Though we may be decorated with diplomas and degrees,
A lecture in Mexico City on February 12, 1975
na tv evaham jatu nasam
"Never was there a time when I did not exist, nor you, nor all these kings; nor in the future shall any of us cease to be."—Bhagavad-gita 2.12
Krsna began His teaching to Arjuna by chastising him: "You do not know anything, but you are talking as if you are a learned man." This is the defect of persons without spiritual knowledge. They are proud of their learning, their knowledge, their degrees.
When Sanatana Gosvami approached Caitanya Mahaprabhu, he first of all presented himself as a person without knowledge. Sanatana Gosvami was from a very aristocratic brahmana family. He was a very learned scholar in Sanskrit and Urdu, yet still he presented himself before Caitanya Mahaprabhu as a foolish man. He said, apanara hitahita kichui na jani! gramya-vyavahare pandita, tai satya mani: 'These common men say that I am a very learned pandita, but I am such a rascal that I do not know who I am."
This is the position of everyone. You ask any learned scientist or professor, "Who are you?" He'll say, "I'm Mr. John; I'm American." Or "I am Mexican"; or "I am Indian." So this is ignorance. No one is his body. That is the first lesson of spiritual knowledge. As long as we identify with this body, thinking, "I am Mr. Such-and-such"; "I am American"; "I am Indian"—this is all ignorance. When you actually understand that you are not this body—that you are not American or Indian or Mexican but that you are spirit soul—then your spiritual education begins. In Sanskrit this understanding is called aham brahmasmi: "I am spirit soul."
The spirit soul has no connection with this material world. When one fully understands this fact—that the spirit soul is different from this material world—then he's actually learned. He is said to be situated in the brahma-bhuta stage. The symptom of one on the brahma-bhuta stage is prasannatma: he becomes jubilant, jolly. As long as one identifies with this body, he will be unhappy, full of anxiety.
Bhagavad-gita begins with this point. One should know that he is not this material body. That knowledge is lacking at the present moment throughout the whole world. Everyone is identifying with the body, just as the animals are. Therefore Krsna chastised Arjuna: "You have an animalistic concept of life, and still you are speaking like a very learned scholar. No learned scholar laments on account of this body."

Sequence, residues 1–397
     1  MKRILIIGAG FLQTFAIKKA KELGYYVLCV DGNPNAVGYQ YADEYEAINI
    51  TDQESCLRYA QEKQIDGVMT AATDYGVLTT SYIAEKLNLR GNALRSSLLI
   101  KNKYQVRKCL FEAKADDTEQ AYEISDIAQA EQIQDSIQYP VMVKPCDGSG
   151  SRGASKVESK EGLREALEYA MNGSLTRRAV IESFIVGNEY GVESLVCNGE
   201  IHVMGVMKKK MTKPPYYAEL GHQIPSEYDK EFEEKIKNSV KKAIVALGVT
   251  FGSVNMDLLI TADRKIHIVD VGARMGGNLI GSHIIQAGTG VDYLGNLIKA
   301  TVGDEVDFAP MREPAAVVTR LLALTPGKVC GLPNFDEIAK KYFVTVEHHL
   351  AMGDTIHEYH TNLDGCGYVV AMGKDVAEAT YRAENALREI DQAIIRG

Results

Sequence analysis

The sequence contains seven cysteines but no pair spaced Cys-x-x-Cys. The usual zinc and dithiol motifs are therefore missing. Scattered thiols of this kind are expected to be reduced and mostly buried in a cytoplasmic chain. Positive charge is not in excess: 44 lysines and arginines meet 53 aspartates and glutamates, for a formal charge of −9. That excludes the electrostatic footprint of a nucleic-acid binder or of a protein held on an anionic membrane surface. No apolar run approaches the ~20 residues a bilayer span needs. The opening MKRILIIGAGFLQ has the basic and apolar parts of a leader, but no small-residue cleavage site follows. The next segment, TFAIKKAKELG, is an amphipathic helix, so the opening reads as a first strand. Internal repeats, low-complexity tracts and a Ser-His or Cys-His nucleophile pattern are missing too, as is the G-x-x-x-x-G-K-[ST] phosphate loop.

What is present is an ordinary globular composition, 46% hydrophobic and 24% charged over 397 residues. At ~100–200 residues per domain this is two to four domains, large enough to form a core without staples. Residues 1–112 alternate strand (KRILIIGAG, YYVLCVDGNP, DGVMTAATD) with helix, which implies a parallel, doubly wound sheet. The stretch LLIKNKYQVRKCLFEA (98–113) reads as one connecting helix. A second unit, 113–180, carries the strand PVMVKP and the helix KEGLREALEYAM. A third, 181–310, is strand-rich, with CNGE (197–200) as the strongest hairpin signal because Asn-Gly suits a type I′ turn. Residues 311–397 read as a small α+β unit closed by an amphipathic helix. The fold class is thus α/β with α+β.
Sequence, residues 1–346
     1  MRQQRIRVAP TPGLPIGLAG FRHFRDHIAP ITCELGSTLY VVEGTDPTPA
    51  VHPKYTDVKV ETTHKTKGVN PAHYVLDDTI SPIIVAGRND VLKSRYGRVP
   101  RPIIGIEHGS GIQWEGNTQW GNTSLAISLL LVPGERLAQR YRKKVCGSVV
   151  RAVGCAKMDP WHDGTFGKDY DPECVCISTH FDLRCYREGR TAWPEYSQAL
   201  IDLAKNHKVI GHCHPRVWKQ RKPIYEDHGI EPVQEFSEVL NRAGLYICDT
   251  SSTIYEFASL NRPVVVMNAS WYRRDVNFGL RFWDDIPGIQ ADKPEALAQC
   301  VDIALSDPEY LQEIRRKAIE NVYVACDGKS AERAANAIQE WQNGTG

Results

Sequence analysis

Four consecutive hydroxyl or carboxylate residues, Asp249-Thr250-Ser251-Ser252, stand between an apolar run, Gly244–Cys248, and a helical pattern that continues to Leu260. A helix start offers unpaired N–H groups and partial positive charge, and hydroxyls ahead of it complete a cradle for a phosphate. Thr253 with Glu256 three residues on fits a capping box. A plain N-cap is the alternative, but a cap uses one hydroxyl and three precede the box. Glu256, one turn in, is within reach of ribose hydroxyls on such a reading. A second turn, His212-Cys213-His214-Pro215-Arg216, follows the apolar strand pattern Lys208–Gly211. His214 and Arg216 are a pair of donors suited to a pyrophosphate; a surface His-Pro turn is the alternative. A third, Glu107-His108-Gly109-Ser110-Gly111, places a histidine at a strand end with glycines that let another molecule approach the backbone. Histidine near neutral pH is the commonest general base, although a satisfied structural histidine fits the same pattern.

It is said in Bhagavad-gita, dhiras tatra na muhyati. Dhira means "one who is sober by education"; he is not disturbed. Just like when a man dies, his relatives lament. They cry, "My father is gone; my father is no more." Or, "My son is no more." But if a person is a little sober, he can understand, "I am lamenting that my father is gone, but he's not gone. He's lying on the bed. Then why am I saying he's gone?"
Or some friend might ask, "Why are you lamenting, 'My father is gone"? He is lying here." But still he might say, "No, he's not. He may be lying there, but he's gone."
That is the puzzle: he's lying there, and he's gone. What is this contradiction? That is the point to understand about the soul.
The son is crying, "My father is gone." That means he never saw his father. He saw the body only. But at the time of his father's death, he understands that his father is not this body; he is the soul. When we come to the understanding that every one of us—although we may be in different bodies—are not these bodies but are spirit souls, then our actual knowledge begins.
Now Krsna is describing the nature of the soul. He says that whenever we sit down together, we say "I," "you," or "he." There cannot be more that these three. I can say "I," I can say "you," and I can say "he." So Krsna says in this verse, na tv evaham jatu: "Neither I, nor you, nor he—none of us—was ever born, because we are not these bodies."
Birth takes place for the body, not for the soul. It is described here that the soul does not take birth. It is not that he was not existing in the past but now has taken birth.
It is not like that—that the soul did not exist in the past but now he's existing. There are some philosophers who think like that. They think that the living symptom was not existing before, and that by the combination of matter the living force is there. But that is not the fact. The living being is there, and therefore the life symptoms are there in the body. Therefore when a man dies, because we do not know about the living force, we cry that our father or our son has gone.